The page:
Intercessory Prayer: Praying to Be God's Answer – Br. Paul Wessinger
During the last years of my life as a Harvard undergraduate I had as my confessor and spiritual director Father William Hoffman of our Society. Father Hoffman taught me two intercessory prayer practices which I have found very helpful over the years. He emphasized the importance of responding spontaneously to a perceived need for prayer. For instance, when you see or hear an ambulance go by, you pray for the crew and the patient, or, when you go by a hospital, pray for those in the hospital, and so forth. It is the same when you read a newspaper or a letter from someone sharing some need. Father Hoffman also strongly recommended keeping an intercession list, which I have always found helpful. Praying using an intercession list has the very human element of keeping us in touch with people whom we might otherwise forget. I suggest keeping a person on your list until you come to a point where you can no longer see their face in your mind’s eye, then let them go. Or if you have been asked to pray for somebody, when you forget either the circumstances or the person who asked for your prayerful intercession, well then, stop.
Intercessory prayer has become even more important for me now for two reasons. Because of my age, I am much less involved in active ministry than I once was, and so I have the space and yearning to intercede for many people and many needs. Secondly, I have severe loss of hearing that does in some ways isolate me. Intercessory prayer is a great aid in keeping me connected to God’s broader world. In our own Rule of Life we quote an ancient monastic saying that “a monk is separated from all to be united to all.” I find this extremely important in my life today, when we are doing so many things in the Society that we never did before, especially the ministry through Saint George’s College, Jerusalem, and in our new ministries in eastern Africa. I really can be taking an active part in those ministries while still being at home in my cell as I pray for my brothers and for those places and people specifically.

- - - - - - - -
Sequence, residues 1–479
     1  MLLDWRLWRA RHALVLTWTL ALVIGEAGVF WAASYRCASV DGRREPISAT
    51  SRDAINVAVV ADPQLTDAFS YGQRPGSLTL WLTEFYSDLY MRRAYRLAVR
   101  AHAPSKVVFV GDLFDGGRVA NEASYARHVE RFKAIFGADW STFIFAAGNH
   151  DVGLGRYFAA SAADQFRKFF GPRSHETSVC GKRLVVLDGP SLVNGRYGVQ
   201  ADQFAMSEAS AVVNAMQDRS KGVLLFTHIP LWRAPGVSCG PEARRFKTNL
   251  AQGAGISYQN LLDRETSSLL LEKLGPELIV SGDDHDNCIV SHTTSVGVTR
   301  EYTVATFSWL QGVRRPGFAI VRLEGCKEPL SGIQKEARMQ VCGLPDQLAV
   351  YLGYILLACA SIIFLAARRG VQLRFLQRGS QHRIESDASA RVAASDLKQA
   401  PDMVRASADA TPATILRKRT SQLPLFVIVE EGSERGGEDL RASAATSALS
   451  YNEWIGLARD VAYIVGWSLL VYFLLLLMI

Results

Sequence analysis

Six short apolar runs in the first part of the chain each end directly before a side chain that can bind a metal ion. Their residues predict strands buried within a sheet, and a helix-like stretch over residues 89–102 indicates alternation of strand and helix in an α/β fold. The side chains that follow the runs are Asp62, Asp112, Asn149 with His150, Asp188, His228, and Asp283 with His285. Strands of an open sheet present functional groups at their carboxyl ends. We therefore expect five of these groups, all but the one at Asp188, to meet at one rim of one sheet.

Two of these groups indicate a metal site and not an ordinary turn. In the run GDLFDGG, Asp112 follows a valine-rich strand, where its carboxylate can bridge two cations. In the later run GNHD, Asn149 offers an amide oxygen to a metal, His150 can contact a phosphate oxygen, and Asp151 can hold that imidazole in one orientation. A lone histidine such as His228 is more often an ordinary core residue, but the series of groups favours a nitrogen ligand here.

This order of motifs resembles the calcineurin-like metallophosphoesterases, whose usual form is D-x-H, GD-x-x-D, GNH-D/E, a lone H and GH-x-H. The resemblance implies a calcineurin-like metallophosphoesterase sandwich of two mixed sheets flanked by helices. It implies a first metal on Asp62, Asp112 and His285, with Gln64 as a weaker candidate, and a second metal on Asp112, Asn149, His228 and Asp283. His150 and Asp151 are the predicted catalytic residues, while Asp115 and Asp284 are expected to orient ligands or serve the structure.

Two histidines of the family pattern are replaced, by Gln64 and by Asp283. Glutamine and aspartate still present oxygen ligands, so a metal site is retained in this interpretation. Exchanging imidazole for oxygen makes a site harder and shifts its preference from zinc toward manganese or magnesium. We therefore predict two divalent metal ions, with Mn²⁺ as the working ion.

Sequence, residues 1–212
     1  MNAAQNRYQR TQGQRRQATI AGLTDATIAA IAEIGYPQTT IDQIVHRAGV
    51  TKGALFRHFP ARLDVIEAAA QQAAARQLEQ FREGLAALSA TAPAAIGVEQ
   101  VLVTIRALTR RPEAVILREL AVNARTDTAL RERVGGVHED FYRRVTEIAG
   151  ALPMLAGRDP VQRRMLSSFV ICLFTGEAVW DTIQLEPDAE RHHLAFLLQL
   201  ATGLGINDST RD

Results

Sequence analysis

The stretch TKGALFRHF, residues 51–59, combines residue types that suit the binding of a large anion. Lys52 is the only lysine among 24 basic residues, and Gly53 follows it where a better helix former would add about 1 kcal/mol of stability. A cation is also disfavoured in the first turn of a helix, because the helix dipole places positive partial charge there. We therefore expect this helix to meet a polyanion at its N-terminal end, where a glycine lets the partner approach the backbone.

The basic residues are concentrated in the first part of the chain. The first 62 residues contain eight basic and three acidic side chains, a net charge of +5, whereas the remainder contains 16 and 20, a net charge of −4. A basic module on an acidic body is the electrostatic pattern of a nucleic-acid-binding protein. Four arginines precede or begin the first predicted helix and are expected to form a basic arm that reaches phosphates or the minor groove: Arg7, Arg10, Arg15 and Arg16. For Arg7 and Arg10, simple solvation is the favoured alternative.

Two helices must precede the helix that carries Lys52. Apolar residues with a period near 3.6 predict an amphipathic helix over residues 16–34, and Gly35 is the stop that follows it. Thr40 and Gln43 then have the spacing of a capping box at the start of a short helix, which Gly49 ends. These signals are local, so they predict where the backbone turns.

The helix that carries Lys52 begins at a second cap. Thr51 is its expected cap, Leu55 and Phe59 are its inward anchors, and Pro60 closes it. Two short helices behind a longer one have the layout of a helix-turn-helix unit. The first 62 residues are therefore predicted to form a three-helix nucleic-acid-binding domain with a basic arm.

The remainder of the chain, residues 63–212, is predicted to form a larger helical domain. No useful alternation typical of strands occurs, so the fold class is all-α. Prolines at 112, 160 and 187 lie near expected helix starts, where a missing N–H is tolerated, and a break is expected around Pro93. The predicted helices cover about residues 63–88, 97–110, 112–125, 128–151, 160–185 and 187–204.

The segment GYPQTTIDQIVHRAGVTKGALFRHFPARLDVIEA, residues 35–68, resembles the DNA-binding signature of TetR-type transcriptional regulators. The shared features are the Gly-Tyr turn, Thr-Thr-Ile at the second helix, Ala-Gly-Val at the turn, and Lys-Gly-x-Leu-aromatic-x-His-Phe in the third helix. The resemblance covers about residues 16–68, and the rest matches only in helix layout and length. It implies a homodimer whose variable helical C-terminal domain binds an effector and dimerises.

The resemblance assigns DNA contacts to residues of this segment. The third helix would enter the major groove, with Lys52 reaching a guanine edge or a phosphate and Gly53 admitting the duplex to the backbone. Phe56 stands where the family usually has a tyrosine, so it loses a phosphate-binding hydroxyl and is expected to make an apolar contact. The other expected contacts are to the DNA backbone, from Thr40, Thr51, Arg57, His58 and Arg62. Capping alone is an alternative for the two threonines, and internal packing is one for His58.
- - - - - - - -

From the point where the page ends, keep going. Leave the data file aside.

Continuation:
I am sometimes asked why intercessory prayer is important, since we are presumably praying about something or someone already known to God. That God already knows everything we name is, of course, true. Our prayer is not bringing Jesus into some place where Jesus is not already present. Rather, our intercessory prayer is bringing ourselves into a relationship to God so that through our intercessory prayer for specific causes and people, we make ourselves more open to God to use us in the answering of those prayers or in the meeting of those needs. In actuality we are praying that we, somehow, become God’s answer to our prayer for this person or need.
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